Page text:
Food inflation is "stubbornly" high and is a barrier to economic growth, Reserve Bank Deputy Governor Subir Gokarn said here Tuesday.
Chennai: Food inflation is "stubbornly" high and is a barrier to economic growth, Reserve Bank Deputy Governor Subir Gokarn said here Tuesday.
Gokarn also said the present growth scenario suggests that appropriate domestic policies can help India to offset the negative forces emanating from global economy.
"The focus has to be on the domestic policies," he said.
The RBI Deputy Governor said the impact of growth-friendly policies in creating jobs has been diluted due to lack of skill and labour laws.
Showing persistent sluggishness, India's economy grew by 5.5 percent in the April-June quarter, mainly on account of poor performance of manufacturing, mining and farm sectors.
Concerned over the sluggish growth, the industry has been demanding a cut in interest rates but RBI has steadfastly refused to lower rates saying bringing down inflation is the priority.
On food inflation, Gokarn -- who is in-charge of the monetary policy management -- said it was "stubbornly" high mainly due to increase in consumption of cereals, sugar, proteins and pulses.
"But in the past three years, protein (like milk, fish) prices outstripped food inflation than the tradition increase in cereals and sugar prices," he added.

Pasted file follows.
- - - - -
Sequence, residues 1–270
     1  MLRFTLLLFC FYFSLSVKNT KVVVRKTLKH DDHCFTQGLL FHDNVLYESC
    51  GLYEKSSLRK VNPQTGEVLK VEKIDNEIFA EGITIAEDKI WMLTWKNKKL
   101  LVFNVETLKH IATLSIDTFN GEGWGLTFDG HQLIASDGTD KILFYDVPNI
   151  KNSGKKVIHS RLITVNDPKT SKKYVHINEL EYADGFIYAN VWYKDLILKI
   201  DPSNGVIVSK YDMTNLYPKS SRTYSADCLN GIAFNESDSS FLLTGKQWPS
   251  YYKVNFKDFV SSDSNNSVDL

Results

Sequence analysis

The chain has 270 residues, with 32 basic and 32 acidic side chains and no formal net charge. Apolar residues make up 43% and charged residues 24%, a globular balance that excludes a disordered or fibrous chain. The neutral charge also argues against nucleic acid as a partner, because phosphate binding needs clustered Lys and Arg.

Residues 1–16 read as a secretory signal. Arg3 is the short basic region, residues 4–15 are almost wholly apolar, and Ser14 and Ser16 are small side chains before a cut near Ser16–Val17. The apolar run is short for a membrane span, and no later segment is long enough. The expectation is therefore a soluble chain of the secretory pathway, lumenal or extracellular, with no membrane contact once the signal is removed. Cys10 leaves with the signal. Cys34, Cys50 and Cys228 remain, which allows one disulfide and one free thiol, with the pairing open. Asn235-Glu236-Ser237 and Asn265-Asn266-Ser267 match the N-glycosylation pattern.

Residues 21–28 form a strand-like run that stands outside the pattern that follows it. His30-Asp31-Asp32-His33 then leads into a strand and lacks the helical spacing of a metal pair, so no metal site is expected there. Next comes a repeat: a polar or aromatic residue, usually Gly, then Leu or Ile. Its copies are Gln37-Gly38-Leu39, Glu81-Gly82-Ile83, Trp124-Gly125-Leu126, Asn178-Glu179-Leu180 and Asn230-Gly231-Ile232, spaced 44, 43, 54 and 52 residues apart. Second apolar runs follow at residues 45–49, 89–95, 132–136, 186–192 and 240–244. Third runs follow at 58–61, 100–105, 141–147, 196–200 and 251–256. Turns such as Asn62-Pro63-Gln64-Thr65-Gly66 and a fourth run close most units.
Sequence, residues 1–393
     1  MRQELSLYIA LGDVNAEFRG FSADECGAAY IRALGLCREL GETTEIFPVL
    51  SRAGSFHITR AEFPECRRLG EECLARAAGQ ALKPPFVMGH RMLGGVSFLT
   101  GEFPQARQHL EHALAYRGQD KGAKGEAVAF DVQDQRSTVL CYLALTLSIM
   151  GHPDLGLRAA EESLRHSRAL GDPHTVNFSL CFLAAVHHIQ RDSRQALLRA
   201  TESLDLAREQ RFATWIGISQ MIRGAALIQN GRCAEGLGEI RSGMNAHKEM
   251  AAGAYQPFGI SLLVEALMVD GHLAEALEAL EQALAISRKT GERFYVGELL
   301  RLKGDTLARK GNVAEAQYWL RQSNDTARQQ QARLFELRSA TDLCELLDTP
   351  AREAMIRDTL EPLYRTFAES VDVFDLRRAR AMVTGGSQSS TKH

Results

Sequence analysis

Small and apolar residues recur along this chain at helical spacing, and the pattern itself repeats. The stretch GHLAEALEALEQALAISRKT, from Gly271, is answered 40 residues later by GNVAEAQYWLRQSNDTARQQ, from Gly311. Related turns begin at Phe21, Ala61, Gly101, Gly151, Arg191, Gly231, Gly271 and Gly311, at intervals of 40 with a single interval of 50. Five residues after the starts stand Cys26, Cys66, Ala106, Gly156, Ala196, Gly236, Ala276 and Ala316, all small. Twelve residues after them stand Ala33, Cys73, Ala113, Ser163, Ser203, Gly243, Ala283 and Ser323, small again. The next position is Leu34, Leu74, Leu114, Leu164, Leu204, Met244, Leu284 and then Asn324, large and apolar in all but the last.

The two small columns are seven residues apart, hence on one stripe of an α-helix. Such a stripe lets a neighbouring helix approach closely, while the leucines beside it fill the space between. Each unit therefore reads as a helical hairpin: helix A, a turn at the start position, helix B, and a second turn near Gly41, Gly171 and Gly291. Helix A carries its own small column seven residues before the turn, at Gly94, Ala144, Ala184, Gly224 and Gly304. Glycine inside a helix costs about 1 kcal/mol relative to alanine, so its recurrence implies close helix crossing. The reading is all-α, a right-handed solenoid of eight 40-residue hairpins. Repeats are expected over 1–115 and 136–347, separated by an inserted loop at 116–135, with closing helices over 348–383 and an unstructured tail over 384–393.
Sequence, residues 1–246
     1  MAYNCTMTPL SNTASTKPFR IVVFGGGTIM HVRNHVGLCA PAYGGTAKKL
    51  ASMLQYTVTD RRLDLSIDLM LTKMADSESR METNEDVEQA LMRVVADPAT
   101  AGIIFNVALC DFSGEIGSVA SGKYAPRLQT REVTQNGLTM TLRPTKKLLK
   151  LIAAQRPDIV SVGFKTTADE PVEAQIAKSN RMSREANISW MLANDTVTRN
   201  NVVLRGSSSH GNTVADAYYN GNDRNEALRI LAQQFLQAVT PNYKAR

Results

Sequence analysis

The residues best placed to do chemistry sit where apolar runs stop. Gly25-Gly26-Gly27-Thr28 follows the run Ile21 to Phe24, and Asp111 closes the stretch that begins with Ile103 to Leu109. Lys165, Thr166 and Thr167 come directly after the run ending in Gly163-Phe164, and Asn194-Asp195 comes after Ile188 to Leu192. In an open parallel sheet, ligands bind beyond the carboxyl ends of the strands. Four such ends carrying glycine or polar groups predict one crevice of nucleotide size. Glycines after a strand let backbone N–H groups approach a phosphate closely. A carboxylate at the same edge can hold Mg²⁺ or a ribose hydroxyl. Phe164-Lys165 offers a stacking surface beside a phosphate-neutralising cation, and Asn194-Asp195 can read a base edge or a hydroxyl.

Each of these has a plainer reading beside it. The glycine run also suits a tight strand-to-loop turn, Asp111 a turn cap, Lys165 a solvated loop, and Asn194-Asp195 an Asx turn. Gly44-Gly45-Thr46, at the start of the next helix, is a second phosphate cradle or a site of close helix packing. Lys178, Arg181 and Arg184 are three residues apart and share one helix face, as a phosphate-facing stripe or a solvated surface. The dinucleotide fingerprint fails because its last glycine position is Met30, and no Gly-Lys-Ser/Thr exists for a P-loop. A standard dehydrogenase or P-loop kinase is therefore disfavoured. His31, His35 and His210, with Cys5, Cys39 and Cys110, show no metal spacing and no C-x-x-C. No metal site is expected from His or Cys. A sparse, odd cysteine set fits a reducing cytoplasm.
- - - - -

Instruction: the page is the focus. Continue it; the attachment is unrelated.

Soaring vegetables prices pushed up the retail inflation in August to 10.03 percent in August, up from 9.86 percent in July.
"High and persistent food inflation is a barrier for growth", he said at the 33rd memorial lecture of Frank Moraes organised by United Writers' Association here.
Gokarn said India's infrastructure development was a key factor for driving its growth as the country's demographic profile was better than China.
India's young population is set to grow in the coming decades while in China it will age, he said, adding the challenge was to generate more jobs to meet the demands of a young population.
Stating that India's best policy situation was between 2003 and 2008 where the average growth rate was around 8.9 percent, he said: "there are indications that the global conditions would remain unfavourable in the months to come."
"2003-2008 there was sharp acceleration in the investment-GDP ratio", he said, adding in 2008-09 period it had declined due to the economic crisis.
Gokarn said: "We have to look at a balance between global and domestic growth...The recent global developments suggest that the context of discussion rather than global recovery should be on global uncertainities."
He said the impact of growth friendly policies seems to have been diluted by the difficulties in creating jobs that offer productivity. Some possible reasons for this mismatch was due to lack of skill among the employees and absence of labour laws, he added.